And it's not just Tom Brady and the offense getting the job done. The Patriots defense has allowed seven points or fewer in four of its past five games, and is giving up just 15.6 points per outing during New England's eight-game winning streak. The Patriots defense recorded 18 interceptions in the season's second half, tying Dallas for the league lead over that span.
Hot quarterbacks usually win in the playoffs, and no one is on fire like Brady. He enters the postseason with a league-record streak of 335 pass attempts since his last interception (a Hail Mary late in regulation of an overtime win over Baltimore in the fifth game of the season), and his four picks in 492 attempts this year set another NFL mark for lowest interception percentage (0.8). The Patriots simply don't turn the ball over. They went more than seven games without a turnover until Danny Woodhead fumbled against Miami in Week 17, and their 10 total giveaways this season left them with a +27 turnover difference, which dwarfed the second-best Steelers (+14).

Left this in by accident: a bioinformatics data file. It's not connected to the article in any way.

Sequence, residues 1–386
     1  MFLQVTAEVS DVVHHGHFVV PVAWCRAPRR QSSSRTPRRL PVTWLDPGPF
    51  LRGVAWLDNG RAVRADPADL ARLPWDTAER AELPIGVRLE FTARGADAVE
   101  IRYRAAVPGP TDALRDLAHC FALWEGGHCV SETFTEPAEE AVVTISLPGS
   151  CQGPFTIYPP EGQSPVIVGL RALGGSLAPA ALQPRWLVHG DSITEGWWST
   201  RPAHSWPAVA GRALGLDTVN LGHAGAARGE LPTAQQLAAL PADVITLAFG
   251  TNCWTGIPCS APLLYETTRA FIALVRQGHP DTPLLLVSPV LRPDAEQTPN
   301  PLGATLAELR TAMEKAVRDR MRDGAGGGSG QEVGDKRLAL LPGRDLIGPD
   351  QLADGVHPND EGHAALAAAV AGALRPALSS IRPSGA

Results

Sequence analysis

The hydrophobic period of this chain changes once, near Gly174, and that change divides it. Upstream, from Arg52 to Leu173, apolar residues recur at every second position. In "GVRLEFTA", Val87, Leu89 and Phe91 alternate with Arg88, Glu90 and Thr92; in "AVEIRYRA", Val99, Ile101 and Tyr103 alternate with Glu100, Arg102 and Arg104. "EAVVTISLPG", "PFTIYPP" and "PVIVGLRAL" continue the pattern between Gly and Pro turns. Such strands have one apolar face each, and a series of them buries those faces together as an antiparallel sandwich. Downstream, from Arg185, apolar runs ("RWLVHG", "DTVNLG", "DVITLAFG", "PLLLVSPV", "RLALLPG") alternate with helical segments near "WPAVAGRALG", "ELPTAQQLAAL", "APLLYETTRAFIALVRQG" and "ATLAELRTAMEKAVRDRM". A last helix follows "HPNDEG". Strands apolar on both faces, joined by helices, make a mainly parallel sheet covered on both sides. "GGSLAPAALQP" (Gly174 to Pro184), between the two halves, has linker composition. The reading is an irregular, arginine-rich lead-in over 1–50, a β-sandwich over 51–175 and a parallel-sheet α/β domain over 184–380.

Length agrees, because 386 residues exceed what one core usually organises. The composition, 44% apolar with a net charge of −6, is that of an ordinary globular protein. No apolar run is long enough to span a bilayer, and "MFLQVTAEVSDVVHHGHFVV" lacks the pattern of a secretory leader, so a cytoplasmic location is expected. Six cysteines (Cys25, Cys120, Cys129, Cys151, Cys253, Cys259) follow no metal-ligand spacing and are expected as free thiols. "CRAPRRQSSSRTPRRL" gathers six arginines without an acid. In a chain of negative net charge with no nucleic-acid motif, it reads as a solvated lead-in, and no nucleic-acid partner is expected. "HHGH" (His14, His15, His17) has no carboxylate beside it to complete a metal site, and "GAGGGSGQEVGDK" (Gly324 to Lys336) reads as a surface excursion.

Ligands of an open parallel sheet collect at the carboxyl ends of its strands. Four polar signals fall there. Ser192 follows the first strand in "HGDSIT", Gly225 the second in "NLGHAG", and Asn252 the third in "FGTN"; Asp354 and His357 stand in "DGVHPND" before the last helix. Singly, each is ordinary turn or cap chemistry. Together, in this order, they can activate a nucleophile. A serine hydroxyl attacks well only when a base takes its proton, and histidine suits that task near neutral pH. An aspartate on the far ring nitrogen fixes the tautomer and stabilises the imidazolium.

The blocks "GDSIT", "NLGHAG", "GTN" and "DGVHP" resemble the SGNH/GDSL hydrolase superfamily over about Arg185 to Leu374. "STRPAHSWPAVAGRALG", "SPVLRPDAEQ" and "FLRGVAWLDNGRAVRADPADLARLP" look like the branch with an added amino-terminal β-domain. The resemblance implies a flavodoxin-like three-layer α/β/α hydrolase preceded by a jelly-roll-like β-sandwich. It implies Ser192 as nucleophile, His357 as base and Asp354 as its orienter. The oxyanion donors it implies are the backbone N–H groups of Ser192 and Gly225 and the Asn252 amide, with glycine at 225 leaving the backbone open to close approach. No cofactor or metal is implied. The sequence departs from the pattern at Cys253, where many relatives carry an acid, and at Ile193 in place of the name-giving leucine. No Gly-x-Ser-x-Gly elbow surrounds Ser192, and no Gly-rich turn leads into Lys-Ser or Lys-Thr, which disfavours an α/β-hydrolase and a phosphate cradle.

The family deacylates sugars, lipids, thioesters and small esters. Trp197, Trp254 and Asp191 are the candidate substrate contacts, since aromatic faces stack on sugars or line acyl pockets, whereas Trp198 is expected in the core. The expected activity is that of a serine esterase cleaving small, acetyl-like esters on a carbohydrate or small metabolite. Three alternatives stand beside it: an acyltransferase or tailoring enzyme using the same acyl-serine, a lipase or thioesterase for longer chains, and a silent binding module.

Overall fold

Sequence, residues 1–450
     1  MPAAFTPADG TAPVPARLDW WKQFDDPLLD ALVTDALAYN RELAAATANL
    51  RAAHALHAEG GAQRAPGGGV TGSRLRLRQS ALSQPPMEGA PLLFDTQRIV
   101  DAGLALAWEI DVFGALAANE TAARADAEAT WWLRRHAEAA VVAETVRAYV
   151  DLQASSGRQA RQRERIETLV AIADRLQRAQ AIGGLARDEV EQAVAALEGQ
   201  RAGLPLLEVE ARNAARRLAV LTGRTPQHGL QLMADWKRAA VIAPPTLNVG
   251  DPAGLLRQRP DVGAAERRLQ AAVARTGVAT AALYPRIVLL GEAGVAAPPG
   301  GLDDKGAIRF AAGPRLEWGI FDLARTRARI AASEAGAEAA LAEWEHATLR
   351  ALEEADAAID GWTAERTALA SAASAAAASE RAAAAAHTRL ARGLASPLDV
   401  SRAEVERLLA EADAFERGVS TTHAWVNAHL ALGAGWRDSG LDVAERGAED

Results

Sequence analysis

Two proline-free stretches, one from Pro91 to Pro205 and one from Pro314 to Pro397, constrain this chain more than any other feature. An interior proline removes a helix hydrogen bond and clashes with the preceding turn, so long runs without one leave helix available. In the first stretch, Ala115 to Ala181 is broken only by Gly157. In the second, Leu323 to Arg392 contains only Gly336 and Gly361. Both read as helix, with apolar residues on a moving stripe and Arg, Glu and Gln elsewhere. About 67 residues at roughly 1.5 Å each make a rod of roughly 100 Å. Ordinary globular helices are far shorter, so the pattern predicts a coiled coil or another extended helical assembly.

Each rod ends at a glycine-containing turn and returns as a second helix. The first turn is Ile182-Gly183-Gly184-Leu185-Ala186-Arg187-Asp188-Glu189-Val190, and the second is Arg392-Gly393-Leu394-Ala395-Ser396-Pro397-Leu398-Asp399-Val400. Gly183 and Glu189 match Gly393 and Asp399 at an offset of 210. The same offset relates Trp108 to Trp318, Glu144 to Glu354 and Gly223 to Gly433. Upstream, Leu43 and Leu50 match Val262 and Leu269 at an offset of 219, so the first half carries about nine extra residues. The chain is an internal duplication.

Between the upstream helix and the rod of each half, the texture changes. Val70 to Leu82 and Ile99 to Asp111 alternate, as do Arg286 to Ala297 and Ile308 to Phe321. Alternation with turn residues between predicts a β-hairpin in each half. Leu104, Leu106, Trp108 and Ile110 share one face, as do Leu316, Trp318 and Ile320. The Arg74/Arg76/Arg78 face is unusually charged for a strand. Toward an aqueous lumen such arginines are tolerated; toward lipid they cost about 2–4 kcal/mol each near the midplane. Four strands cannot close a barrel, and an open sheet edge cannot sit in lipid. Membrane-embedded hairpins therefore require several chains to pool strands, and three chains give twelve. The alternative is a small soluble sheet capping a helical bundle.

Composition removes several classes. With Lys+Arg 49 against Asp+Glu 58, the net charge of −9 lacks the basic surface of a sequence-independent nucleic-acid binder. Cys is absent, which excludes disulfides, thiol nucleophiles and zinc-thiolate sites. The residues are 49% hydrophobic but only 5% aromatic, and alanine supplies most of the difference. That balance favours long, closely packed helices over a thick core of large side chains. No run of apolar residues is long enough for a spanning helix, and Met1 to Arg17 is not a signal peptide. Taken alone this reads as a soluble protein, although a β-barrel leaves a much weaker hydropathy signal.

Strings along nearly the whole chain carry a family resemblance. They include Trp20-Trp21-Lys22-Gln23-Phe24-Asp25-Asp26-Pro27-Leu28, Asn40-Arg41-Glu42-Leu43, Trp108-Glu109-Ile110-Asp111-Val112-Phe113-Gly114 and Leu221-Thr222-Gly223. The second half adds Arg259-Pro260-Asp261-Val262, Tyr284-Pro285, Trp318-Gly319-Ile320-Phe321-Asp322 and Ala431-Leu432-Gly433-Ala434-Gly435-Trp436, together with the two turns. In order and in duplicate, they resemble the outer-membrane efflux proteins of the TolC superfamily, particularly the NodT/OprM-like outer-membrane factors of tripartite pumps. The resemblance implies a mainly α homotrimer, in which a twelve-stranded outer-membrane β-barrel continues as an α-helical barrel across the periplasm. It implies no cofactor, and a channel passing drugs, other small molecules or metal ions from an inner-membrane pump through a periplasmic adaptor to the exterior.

I'm afraid I have bad news for the rest of the NFL playoff field: These Patriots? They might be for real.
3. There's reason to believe for the Jets.
All they have to do is close that little 42-point gap that existed between themselves and the Patriots just six weeks ago. That's all. Is it hopeless? No, it's not hopeless.
Here's an optimistic stat for you New York fans: In the Bill Belichick era, the Patriots are 7-0 against teams they didn't play in the regular season. Against teams they did face (like the Jets), they're just 7-4 in the playoffs, and just 2-4 from 2005 on. Last year, Baltimore lost to New England in the regular season and then came back and humbled the Pats 33-14 in the first round of the playoffs, in Foxboro, no less.